Sunday, July 20, 2008

Stories in Perfume

I'm reading Chandler Burr's The Perfect Scent: A Year Inside the Perfume Industry in Paris and New York and I've come across an image I love. Céline Ellena, the daughter of parfumeur Jean-Claude Ellena, is remembering the scents that her father would conjure for her and her brother while they were growing up. Here's Burr's account of their conversation:

Ecris-nous une histoire en odeurs, they would say to him. Write us a story in smells. She once asked him for the smell of cloud, and he created it for her. 'We asked him for bizarre things. We ordered up the smell of winter, of the snow, because we lived in the South of France, where it rarely snows.'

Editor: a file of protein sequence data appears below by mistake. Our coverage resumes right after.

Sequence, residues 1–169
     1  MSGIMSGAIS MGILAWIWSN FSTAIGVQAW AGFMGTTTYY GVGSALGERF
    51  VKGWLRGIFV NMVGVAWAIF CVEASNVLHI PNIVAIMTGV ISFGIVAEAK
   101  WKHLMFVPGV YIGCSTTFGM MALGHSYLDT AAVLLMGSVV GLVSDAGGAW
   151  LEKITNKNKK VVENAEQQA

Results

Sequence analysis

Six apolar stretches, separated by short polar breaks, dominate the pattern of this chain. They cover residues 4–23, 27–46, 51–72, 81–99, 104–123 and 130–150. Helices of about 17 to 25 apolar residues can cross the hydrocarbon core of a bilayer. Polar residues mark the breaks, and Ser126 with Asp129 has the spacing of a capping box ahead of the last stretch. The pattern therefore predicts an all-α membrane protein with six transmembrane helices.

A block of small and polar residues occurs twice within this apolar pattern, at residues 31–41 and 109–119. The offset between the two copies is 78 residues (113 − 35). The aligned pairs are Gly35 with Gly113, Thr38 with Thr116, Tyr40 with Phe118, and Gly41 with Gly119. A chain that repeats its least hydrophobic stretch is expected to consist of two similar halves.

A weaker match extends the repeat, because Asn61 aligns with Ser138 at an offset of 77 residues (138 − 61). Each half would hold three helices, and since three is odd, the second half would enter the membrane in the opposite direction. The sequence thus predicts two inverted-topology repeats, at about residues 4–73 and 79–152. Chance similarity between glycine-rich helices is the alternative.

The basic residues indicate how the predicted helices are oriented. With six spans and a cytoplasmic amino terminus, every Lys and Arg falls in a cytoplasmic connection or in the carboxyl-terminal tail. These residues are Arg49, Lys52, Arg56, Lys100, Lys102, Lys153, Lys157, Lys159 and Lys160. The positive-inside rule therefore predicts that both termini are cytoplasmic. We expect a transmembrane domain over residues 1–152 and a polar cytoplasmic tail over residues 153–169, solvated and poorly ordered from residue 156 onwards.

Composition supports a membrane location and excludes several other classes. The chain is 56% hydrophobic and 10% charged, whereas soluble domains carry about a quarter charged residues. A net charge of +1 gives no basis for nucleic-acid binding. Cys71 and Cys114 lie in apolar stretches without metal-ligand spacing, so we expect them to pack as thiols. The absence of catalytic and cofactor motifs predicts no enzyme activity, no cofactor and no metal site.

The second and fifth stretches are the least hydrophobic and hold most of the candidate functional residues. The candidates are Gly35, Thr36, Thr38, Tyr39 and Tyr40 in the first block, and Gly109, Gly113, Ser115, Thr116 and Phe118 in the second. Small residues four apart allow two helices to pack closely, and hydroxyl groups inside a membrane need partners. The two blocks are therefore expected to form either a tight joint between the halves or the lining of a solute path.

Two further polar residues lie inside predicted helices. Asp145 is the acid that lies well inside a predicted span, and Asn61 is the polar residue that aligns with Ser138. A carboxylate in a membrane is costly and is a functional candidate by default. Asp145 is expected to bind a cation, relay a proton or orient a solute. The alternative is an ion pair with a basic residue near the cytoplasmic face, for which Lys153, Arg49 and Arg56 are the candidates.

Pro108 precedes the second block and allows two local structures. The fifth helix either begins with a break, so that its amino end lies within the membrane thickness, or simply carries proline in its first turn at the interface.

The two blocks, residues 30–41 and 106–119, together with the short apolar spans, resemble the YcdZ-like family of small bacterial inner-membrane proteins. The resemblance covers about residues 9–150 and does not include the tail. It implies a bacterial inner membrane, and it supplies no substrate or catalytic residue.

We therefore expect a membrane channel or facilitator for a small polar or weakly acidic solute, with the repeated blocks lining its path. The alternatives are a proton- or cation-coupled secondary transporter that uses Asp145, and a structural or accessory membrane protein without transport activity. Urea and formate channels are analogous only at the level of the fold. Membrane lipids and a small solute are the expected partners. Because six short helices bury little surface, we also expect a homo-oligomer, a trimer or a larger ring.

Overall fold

When he got home and, with a flourish, unveiled for them this magical scent of snow, she got the idea, she said, that she could do anything, that there were indeed no limits, because here her father had gone and created a scent of a thing that had no scent. You had the story. The story
of snow on the Côte d'Azur, say. You simply went and found the elements to tell your story.

'When I was a child, he didn't tell me about princesses; he told me about scents. We didn't have Cinderella. We listened to his stories in perfume.'


  1. This is wonderful. I'm also reading a book by Chandler Burr right now, The Emperor of Scent: A Story of Obsession, and the Last Mystery of the Senses. *Reading* about perfume is wonderful because, like food reviews, it's all about the encounter with language.


  2. Karina: You're my first commenter on this blog! And what a great comment -- makes me think we should swap the Burr books when we're done, respectively. You're right, absolutely, trying to describe a sensory experience like eating good food or smelling/wearing good perfume (or reading that description)is to encounter language at an elemental place.